7. You now need to make this program run on boot, this is not needed for the vision kit because we are just editing a service, not creating a new one. This is an easy thing to do and once again, Google explains how to do this perfectly in this tutorial

7. When you have set the program to run at boot you no longer have to deal with any more software, the software for both kits is now complete. Well done!

3D Printing

It is now time to build the case, I am using PLA plastic which is environmentally friendly plastic made from plant sugars. 

This will be quite a large print with the total material usage being just over 40 meters with the settings listed below

0.4mm Nozzle Diameter

0.3mm Layer Height

Supports on

10% infill density

Above you can see screenshots of the two enclosures, I have designed them so the vision kit will sit on top of the voice kit.

I have also included the Fusion 360 files so if you want you can download them and see how I created it or edit it to maybe have a different design.

Assembly

It is now time for the assembly of the project, for this step you will need the 3d printed case, a soldering iron, the jumper cables, LED strip and something to clean up the 3d printed holes and make them the correct size.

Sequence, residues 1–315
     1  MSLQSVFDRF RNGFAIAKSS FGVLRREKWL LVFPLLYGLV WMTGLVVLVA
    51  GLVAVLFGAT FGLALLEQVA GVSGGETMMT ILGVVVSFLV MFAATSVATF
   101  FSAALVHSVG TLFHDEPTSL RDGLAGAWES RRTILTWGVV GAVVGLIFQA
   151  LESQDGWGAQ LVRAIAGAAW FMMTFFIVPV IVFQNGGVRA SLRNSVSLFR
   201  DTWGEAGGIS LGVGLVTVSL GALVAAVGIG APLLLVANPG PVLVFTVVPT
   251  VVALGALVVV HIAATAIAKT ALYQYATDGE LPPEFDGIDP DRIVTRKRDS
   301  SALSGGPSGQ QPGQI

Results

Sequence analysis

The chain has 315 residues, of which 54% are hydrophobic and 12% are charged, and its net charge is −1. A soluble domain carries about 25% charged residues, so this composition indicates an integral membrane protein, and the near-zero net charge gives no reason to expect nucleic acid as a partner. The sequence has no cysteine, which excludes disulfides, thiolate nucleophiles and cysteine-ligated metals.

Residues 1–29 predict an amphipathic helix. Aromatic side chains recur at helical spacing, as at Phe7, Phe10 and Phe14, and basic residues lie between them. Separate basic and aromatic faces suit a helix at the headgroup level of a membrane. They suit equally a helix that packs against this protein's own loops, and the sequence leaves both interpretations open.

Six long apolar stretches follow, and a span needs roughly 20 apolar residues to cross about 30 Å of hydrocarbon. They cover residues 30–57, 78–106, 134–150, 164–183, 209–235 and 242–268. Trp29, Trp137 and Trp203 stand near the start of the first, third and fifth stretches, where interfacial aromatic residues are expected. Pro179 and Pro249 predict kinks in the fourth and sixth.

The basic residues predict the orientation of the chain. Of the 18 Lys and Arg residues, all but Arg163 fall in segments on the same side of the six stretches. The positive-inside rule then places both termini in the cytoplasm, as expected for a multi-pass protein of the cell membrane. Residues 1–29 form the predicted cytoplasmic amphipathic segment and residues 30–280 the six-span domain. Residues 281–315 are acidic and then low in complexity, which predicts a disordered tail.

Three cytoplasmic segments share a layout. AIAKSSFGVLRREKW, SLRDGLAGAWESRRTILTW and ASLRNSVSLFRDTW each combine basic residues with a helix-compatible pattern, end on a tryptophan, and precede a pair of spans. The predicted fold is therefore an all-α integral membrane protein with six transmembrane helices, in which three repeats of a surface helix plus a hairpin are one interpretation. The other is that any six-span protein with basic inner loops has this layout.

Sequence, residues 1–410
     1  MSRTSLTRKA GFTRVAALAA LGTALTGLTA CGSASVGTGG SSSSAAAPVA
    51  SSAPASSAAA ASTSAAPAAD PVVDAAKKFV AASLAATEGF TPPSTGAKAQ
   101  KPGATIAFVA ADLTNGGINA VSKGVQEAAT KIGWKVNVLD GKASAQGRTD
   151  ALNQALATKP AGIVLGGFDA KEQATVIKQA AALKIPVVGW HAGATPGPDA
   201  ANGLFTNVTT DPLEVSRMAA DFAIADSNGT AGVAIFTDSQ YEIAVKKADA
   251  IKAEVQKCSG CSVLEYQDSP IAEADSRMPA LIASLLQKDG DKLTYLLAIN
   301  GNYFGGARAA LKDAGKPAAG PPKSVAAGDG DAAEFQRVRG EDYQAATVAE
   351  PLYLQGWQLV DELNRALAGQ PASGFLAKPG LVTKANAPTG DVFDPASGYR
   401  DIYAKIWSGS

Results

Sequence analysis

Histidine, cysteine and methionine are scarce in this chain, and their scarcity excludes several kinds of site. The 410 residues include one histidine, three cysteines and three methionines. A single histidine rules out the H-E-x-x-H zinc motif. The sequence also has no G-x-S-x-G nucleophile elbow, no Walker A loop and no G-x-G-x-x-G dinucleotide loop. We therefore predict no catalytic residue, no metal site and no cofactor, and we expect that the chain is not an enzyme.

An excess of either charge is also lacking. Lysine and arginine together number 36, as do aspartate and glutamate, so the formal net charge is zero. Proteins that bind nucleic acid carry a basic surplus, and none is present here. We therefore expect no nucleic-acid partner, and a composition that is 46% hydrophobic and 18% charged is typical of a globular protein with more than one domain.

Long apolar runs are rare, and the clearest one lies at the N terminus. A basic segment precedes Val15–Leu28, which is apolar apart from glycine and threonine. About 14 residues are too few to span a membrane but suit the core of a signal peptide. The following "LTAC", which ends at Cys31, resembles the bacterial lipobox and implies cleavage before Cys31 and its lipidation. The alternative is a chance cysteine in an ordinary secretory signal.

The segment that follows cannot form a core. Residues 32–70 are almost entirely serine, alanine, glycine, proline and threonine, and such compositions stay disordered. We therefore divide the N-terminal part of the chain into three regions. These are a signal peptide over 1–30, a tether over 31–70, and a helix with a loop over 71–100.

1. I started off by soldering the male to male jumper leads to GND, GPIO11 and GPIO9 of the Raspberry Pi, In this tutorial I will not show you how to solder but this is a great Soldering Tutorial that can help you. These cables can be wired to the Green, Pink and Cyan lines on the diagram below.

Once soldered it should look like this: The green wire is GND, orange GPIO11 and red GPIO9

2. Add some electrical tape over the contacts to prevent shorting out the pins and this should make the device more durable

On the ends of unsoldered ends of the jumper leads I added a female to female jumper to each, this will give the wire enough length to reach the vision kit.

3. Now wire the LED strip according to the wire diagram with the 4 male to female jumper leads

 4. We can now start putting the kits into the 3d printed case, I have taken the outer cardboard off from the kits but left the electronics on the inner cardboard, this will act as the holder for the electronics.

You now have to modify the cardboard on the vision to allow the buttons to screw into place, all you need to do is cut to where the pictures have shown on both sides of the cardboard.

5. Now that you have done that we can place the LED's into the vision case enclosure, I have used the privacy LED that comes with the kit in one of the holes and a clear 3mm LED that I had laying around in the other LED, I have done this to make the LED's look like eyes for the robot. You can then add a little hot glue to secure the LED in place

 6. You can now add the two arcade buttons that came with the kit, you should be able to screw them into the holes. Then add the nut on the inside to secure the button and prevent it from moving